6. Use the Imperative Voice
Headlines written in the imperative voice are also known as command headlines, because they tell the reader to do something. A light bulb manufacturer ran an ad with the headline "Stop Burning Profits."
My favorite B-to-B ad of all time was for a fireproofing compound. The ad was printed on a sheet of paper treated with the compound and bound into the magazine. The ad had a coupon, the headline read "Try Burning This Coupon," and the visual was a hand holding a lit match. If you put a match to the ad it burned, but if you took it away, the fire immediately stopped.
7. State a Benefit
Although many practitioners say the purpose of the headline is to gain attention and lure the prospect into the body copy, many readers never get past the headline. To appeal to them, you can put a complete benefit in the headline that makes clear what the product does. For a firm manufacturing color measurement systems for the automotive industry, the ad headline read: "Color Control from Bumper to Bumper."
8. Be Uncreative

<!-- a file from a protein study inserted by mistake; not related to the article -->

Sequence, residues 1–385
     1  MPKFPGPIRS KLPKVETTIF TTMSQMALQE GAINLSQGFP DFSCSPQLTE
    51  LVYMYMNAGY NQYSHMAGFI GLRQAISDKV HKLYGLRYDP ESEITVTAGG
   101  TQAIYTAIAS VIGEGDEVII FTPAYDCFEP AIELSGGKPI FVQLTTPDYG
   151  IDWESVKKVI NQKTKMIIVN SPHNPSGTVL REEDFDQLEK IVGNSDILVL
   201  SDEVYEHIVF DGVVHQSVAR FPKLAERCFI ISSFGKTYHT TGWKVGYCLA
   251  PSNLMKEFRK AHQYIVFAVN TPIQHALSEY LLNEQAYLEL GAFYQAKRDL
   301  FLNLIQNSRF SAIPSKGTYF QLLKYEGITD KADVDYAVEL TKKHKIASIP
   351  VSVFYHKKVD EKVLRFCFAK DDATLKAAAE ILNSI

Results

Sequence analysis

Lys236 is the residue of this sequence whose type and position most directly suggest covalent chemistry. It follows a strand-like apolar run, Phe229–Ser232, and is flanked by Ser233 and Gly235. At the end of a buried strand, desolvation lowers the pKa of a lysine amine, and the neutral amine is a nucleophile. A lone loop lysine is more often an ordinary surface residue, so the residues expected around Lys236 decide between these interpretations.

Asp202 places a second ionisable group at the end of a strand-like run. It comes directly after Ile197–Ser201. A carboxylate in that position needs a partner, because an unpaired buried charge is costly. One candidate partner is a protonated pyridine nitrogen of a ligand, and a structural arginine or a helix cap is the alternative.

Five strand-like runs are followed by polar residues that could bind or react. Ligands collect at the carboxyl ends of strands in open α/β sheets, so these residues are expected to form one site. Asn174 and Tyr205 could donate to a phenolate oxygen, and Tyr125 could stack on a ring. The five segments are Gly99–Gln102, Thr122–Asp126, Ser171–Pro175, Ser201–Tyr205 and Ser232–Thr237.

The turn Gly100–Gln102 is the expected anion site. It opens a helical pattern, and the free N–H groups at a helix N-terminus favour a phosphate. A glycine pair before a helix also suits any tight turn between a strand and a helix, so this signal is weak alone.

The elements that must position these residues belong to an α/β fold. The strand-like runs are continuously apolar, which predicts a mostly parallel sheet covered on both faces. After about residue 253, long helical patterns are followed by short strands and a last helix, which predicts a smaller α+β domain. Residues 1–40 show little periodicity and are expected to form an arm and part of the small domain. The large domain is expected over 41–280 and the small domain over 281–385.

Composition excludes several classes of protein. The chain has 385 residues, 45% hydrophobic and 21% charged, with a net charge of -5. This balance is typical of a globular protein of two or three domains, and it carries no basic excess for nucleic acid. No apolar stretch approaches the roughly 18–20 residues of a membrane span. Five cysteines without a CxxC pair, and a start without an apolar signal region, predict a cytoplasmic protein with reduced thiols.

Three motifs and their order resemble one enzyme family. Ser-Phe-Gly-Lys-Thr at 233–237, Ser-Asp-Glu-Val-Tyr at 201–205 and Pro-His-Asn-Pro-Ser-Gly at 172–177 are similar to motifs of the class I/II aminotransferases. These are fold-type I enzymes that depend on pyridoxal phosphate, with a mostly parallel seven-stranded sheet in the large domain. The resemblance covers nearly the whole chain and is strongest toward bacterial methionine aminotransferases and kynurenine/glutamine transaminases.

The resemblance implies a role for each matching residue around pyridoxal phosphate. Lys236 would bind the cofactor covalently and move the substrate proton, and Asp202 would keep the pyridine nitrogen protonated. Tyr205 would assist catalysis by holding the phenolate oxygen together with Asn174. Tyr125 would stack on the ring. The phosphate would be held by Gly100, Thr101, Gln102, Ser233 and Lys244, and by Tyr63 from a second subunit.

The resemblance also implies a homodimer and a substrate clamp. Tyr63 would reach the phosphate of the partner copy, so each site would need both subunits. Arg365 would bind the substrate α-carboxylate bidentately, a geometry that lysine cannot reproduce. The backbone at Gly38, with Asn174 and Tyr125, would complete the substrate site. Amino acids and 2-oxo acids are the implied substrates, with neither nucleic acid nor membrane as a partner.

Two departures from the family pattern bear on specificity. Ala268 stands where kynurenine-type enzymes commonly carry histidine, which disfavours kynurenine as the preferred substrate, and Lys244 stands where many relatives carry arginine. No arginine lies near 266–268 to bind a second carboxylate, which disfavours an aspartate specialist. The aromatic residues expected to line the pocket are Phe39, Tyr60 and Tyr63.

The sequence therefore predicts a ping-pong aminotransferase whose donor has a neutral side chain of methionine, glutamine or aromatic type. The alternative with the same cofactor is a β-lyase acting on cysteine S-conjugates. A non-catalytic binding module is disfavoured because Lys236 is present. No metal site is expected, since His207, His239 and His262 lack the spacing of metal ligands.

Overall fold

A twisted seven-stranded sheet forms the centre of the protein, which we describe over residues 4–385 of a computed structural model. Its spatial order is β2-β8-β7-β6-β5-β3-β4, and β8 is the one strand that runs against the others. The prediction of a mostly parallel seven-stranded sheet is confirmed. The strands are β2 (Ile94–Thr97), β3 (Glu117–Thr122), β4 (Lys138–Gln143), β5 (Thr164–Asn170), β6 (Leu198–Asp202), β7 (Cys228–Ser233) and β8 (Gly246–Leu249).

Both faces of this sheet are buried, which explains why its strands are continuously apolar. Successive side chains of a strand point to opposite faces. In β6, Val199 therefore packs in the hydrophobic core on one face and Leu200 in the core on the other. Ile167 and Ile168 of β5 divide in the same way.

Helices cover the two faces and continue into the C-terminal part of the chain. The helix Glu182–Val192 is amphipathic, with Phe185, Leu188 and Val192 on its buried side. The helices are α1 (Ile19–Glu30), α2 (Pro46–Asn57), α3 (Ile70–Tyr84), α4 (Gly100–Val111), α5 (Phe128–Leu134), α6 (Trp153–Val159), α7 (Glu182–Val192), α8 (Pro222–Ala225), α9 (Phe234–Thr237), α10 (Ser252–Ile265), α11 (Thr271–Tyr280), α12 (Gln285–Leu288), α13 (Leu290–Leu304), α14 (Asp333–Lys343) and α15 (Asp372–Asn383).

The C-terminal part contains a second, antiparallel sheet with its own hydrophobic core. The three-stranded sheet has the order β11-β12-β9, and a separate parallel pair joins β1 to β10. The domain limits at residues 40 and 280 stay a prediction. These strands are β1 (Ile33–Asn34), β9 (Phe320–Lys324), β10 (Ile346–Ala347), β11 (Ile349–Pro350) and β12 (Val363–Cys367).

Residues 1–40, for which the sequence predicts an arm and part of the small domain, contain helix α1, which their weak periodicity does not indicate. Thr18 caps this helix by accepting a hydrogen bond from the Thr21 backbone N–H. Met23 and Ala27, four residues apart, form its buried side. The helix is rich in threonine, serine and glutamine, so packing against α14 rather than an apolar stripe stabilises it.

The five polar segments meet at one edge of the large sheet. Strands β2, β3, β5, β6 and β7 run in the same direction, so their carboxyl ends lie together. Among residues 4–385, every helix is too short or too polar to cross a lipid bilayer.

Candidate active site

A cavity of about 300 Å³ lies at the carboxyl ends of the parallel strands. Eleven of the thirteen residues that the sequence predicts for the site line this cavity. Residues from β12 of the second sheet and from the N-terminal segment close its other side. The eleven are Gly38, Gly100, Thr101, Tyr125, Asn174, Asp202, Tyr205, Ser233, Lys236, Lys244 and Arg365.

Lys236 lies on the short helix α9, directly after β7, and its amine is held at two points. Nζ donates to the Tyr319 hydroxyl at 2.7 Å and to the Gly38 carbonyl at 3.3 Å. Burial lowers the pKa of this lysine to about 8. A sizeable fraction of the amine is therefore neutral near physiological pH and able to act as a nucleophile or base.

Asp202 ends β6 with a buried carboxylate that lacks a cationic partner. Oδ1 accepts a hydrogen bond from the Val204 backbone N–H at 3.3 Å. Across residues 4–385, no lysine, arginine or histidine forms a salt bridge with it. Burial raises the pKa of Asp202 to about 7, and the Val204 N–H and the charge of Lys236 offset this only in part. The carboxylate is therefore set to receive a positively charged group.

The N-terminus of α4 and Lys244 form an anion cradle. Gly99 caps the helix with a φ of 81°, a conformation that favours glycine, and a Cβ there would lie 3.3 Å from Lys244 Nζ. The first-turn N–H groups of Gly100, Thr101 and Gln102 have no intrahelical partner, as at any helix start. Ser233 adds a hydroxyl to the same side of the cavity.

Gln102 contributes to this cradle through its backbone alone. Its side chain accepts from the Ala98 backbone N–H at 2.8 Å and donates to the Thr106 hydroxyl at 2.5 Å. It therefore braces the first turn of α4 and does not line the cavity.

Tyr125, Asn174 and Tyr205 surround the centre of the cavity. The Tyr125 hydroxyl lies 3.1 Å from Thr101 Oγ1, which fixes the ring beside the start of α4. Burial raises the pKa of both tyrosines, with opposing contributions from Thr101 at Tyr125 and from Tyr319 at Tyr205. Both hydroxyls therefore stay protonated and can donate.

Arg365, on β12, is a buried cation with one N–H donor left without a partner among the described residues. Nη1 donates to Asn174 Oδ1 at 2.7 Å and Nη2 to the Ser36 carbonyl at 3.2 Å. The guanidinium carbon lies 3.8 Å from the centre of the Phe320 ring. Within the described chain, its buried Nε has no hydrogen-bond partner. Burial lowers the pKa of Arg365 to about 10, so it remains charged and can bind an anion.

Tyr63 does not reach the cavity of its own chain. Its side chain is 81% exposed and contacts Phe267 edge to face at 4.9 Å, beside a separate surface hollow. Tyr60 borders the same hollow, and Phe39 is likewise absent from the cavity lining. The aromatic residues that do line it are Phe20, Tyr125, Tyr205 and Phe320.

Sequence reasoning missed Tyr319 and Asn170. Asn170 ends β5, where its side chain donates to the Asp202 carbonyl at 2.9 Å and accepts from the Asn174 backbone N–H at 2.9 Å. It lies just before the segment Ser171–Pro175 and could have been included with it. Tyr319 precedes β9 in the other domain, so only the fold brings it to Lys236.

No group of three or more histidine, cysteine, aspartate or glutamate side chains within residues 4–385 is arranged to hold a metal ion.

Ad agencies, as indicated in the headline list reprinted at the beginning of this column, strive to be creative. But if you offer a product or service in short supply, you are better off being straightforward and clear, rather than clever or funny. The late B-to-B ad man Scotty Sawyer once said that if he were writing an ad for boilers and was only permitted one word in the headline, that word would be "Boilers" in 72-point type.
Bob Bly is a freelance copywriter who has written copy for more than 100 clients including IBM, AT&T, Praxair, Intuit, Forbes, and Ingersoll-Rand. McGraw-Hill calls Bob “America’s top copywriter” and he is the author of 90 books, including “The Copywriter's Handbook.” Find him online at www.bly.com or call (973) 263-0562.